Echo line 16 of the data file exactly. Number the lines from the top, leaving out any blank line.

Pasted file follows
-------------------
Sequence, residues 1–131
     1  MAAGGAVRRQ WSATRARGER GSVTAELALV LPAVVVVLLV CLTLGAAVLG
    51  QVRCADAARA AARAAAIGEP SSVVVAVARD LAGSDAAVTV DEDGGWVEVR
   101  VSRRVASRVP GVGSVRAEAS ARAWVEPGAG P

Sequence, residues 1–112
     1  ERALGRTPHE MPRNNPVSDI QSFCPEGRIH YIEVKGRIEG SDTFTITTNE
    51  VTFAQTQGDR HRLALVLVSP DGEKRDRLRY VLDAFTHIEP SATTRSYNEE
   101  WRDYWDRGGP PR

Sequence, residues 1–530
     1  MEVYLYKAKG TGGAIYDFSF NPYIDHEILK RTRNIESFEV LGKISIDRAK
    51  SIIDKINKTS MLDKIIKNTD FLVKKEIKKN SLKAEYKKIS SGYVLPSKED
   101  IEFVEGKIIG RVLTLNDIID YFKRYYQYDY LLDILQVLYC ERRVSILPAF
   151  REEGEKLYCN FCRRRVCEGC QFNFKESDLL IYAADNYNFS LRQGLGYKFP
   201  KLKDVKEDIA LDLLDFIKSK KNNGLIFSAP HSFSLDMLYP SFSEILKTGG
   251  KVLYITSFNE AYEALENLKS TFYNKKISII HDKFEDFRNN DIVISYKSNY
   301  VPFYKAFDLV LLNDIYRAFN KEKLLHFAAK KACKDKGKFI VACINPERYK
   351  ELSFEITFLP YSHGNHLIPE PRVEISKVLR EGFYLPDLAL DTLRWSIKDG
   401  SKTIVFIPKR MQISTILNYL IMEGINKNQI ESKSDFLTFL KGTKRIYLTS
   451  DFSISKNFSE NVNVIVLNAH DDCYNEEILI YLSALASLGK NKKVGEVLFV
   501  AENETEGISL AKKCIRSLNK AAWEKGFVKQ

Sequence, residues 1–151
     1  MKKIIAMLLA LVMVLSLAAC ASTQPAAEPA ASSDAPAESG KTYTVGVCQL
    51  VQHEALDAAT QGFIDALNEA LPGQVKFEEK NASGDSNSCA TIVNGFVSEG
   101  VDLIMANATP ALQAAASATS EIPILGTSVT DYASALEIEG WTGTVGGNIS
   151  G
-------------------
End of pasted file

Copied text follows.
   301  VPFYKAFDLV LLNDIYRAFN KEKLLHFAAK KACKDKGKFI VACINPERYK